A harmonograph is a mechanical device that uses swinging pendulums to draw pictures, believed to be initially invented in 1844 by Scottish mathematician Hugh Blackburn. This 3-pendulum rotary type of harmonograph gives a wide variety of satisfying results. It is reasonably easy to build once you’ve settled on a design and have acquired the appropriate materials and tools. Harmonograph is a great project to do with kids and can result in endless experiments creating new geometric designs.
- 1 3/4″ x 3’x3′ plywood for table top
- 4 1½” x 1½” x 40″ for legs (about 14′ total)
- 4 1½” x 8″ x 12″ for leg braces (about 4′ total)
- 4 3/4″ x 4′ dowels for pendulums and pen lifter (make sure they are straight)
- 1 3/4″ x 1½” x 30″ oak to cut for pendulum supports, and other
- 1 11″ x 11″ x 1/8″ board for platform to hold paper
- Hardware Store
- 3 3/4″ x 5″ long metal pipe nipples (plumbing section)
- 3 3/4″ to 1″ metal pipe bushings
- 3 1″ steel clamps
- 4 1¼” x 4″ metal plates (or 2 1¼” x 8″ plates cut in half)
- 1 large metal washer with 2½” outer diameter, 1″ inner diameter, for gimbal
- 1 screw-eye for pen lifter
- various drill bits: 3″ circular, 3/4″, 1/8″, etc.
- various #10 screws (1″, 1¼”, 1½”, 1¾”, 2″, 3″)
- a few thin nails
- tools: drill, saw, hammer, tape measure, file, sand paper, etc.
- Sporting goods store:
- 2½ lb weights with 1″ hole, at least 8 of them
- Art supplies store:
- 2 1/2″ x 1/4″ x 30″ balsa (and maybe a spare or two)
- various pens such as: Silver Uni-Ball GEL Impact, and Staedtler Triplus Rollerball
- some string and rubber bands
- paper, 8½” x 11″ (or 9″ x 12″) some black, some white
Table. Start by building a sturdy table. This table-top is a 3’x3′ square of 3/4″ thick plywood. The legs are 1½” x 1½” square and about 37″ long, with triangular braces cut from 1½” x 8″x 12″ wooden pieces. The legs are splayed out slightly to give the table strength and allow the rotary pendulum to swing without hitting a leg.
Tip: screw and/or glue the braces to the legs first, and then cut their tops together at a slight angle with a table or circular saw. Adjust the leg lengths to give a table-top height of about 37″.
Note: if you want to fit the table through doorways without taking off the legs, you might need slightly shorter legs and pendulums.
Pens. Experiment with pens and markers of various types and colors. Generally, wide pens or thin markers seem to work best. Here are some I’ve had good luck with so far:
- Uniball GEL Impact in Silver, use on black or dark paper.
- Staedtler Triplus Rollerball Pens (.4mm) in various colors
- Pigma Graphic 1 (1.0mm) in black
- Sakura Identi Pen in black, purple, etc.
but many other types of pens may also work well.
Weight Height. Adjust a pendulum’s weight height to change its swinging frequency. The frequency of a pendulum varies with the inverse of the square root of its length, so to swing twice as fast, the length between the fulcrum and its center-of-mass would need to be 1/4 of the original length (which may not be practical with this harmonograph). For a 3:2 or 4:3 frequency increase, the weights would be raised around 19″ or 15″ respectively, although you should probably do some timing tests to find and mark these heights experimentally.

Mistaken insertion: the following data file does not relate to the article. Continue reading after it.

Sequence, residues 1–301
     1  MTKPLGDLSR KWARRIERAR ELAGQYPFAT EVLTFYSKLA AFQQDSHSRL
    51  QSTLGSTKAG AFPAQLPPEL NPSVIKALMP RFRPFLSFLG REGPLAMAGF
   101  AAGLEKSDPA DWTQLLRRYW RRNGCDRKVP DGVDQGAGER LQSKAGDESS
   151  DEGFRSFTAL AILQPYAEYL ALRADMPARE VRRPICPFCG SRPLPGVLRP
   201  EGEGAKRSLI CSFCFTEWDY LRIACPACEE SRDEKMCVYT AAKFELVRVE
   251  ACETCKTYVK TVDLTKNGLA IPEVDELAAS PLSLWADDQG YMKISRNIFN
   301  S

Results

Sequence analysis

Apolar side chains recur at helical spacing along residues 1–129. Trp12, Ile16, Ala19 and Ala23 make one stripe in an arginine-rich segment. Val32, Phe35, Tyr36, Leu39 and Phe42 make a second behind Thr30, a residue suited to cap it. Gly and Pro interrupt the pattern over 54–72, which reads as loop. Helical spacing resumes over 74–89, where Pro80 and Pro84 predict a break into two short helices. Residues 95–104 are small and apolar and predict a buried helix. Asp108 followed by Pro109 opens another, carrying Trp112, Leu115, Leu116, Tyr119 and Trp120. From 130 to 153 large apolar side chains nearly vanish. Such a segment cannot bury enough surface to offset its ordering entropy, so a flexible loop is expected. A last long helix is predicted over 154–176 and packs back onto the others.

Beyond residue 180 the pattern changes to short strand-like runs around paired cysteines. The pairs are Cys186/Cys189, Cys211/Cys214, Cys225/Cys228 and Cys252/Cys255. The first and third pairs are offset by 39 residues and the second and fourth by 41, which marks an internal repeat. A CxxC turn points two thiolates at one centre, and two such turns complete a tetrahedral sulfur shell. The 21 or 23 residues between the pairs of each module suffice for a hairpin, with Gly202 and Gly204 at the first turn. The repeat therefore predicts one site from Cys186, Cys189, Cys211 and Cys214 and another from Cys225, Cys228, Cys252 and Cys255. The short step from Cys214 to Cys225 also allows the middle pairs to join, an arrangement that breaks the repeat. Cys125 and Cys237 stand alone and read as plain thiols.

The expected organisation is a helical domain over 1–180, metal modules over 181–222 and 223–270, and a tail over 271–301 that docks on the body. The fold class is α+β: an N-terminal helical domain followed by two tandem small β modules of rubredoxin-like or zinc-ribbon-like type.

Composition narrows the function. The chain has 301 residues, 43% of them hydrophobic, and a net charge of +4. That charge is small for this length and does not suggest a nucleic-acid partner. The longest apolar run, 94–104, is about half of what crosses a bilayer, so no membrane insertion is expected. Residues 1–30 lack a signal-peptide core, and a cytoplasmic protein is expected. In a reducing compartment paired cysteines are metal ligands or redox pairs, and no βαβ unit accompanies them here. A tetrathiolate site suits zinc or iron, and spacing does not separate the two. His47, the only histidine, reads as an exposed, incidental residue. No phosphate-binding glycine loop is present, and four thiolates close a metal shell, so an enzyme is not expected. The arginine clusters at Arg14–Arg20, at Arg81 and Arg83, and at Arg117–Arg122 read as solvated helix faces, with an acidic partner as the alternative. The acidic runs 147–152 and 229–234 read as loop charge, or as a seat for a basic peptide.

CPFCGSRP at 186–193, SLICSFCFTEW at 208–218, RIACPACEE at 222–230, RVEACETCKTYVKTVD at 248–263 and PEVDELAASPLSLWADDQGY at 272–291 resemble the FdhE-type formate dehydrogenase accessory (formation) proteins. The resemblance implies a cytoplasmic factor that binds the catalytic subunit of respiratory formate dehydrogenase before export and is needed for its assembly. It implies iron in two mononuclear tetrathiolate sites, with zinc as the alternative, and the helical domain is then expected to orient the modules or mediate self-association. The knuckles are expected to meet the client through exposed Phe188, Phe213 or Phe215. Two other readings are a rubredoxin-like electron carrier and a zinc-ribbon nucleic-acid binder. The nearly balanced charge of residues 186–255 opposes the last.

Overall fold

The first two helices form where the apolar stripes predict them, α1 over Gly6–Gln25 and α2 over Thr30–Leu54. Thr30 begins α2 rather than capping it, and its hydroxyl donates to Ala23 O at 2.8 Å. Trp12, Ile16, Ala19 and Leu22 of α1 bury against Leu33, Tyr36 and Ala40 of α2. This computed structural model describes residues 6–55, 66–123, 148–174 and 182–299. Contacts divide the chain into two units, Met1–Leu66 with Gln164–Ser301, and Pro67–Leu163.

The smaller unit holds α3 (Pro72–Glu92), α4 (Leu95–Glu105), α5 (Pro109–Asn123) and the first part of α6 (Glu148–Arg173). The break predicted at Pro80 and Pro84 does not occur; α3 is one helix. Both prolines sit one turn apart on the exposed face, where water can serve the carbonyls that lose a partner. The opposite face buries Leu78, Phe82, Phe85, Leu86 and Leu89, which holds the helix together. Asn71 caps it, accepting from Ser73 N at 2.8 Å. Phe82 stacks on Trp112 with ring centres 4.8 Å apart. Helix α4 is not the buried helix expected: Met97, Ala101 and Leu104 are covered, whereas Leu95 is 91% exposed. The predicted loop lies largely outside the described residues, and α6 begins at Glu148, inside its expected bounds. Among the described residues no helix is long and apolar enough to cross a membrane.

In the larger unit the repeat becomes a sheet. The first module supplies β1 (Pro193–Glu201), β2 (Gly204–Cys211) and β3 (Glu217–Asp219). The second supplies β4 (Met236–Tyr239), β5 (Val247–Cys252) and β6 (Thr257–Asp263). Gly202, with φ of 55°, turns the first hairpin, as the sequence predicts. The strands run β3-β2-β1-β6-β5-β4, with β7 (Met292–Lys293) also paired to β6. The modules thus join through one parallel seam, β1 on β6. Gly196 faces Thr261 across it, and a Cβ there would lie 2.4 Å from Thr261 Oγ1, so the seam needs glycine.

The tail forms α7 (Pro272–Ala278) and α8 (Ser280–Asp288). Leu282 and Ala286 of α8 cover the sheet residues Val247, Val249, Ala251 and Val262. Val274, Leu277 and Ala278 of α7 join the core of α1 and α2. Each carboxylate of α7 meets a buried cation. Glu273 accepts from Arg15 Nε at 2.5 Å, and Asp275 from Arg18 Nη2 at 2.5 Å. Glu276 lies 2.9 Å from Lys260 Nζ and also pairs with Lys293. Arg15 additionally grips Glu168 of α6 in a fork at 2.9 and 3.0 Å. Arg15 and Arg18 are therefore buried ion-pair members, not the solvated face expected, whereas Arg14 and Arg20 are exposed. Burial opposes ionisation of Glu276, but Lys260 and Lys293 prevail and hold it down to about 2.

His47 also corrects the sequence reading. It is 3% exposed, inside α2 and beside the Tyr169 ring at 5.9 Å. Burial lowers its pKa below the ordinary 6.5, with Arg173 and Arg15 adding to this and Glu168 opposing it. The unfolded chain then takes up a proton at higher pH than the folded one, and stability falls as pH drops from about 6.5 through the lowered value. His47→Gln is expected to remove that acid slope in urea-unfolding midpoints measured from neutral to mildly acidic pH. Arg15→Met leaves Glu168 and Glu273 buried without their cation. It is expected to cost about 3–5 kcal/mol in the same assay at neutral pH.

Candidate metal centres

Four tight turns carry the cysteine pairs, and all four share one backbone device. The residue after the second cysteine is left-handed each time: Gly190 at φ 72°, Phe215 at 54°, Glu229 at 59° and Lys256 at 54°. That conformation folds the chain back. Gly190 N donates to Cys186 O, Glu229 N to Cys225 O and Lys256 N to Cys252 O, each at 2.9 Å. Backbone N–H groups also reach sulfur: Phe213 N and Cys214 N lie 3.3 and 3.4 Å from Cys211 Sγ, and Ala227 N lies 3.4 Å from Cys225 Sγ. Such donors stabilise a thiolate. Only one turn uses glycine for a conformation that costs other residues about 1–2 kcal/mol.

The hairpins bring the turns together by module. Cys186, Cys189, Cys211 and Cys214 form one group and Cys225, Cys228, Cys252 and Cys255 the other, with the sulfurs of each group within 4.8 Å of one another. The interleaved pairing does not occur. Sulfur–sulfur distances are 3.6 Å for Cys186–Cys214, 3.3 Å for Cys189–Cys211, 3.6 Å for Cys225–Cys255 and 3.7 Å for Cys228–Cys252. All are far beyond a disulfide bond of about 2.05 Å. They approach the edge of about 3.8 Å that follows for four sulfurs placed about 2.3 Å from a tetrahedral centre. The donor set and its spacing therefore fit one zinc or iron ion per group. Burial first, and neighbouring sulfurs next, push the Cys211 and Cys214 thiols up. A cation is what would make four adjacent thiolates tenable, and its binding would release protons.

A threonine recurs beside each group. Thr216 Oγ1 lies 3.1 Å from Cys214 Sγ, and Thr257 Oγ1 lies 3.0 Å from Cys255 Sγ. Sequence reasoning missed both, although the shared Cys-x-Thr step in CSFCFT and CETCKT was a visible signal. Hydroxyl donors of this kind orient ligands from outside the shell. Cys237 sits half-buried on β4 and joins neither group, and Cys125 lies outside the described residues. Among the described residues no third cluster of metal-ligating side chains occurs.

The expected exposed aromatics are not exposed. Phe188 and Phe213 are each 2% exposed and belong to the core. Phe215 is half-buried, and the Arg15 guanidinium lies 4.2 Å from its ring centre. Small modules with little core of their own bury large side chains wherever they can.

Weight Amount. Add more weight to a pendulum to counteract friction and make the swinging last longer. I’ve found that 5 lb (2 x 2½) on the rotary pendulum, and 7½ lb (3 x 2½) on the other two works reasonably well. Note that adding more weight does not generally change the frequency of the pendulum.
Phase and Amplitude. Each time you swing the pendulums to make a new drawing, each pendulum’s relative phases, and amplitudes will vary. Try somewhere the rotary pendulum, and the lateral pendulums are initially making circles in the same or opposite directions. Try somewhere the lateral pendulums are initially swinging in phase to make a diagonal line.
Two-pendulum results. To simplify things, you can lock down the rotary pendulum by unclipping that weight, so it rests on the floor and prevents the paper platform from swinging at all. Attach the other weights at their lowest position to start, since a slower pen speed tends to give smoother lines. If the two other pendulums swing in unison simultaneously, you will get simple patterns of circles, ellipses, or lines. If their frequencies are slightly different, the pattern will slowly change from circles to lines and back again as it decays, which will give eye-like designs. When the frequencies are very different, you may get chaotic looking results. However, if you find a position that is near a “harmonic” ratio of frequencies such as 3:2 or 4:3, you can get pleasant Lissajous figures, figure eights, or fish-like shapes.
Three-pendulum near-unison results. The effect of the 3rd rotary pendulum increases the variety of possible results. Some of the best designs occur when the three pendulums all swing at similar but slightly different frequencies, with the rotary pendulum swinging around in a circular motion. Note that the mass of the paper platform on top of the rotary pendulum causes it to swing at a slightly slower frequency when all weights are at their lowest position, so you would raise that one slightly if you want it to match the frequency of the other two.
Three-pendulum harmonic results. Various star-shaped designs can be made by raising weights on both the lateral pendulums, or just the rotary pendulum, to give harmonic frequency ratios. A 3:2 ratio often results in 5-pointed stars and a 4:3 ratio tends to give 7-pointed star shapes.
*** Achieving higher frequency ratios, such as 2:1, 3:1, 4:1 etc. can be difficult with this type of harmonograph, because a quickly swinging pendulum with its weights way up tends to slow down too soon. It may be preferable to add some weights on top of one or more pendulums above the fulcrum which will decrease the frequency, rather than raising weights to increase frequency.
The harmonograph in action: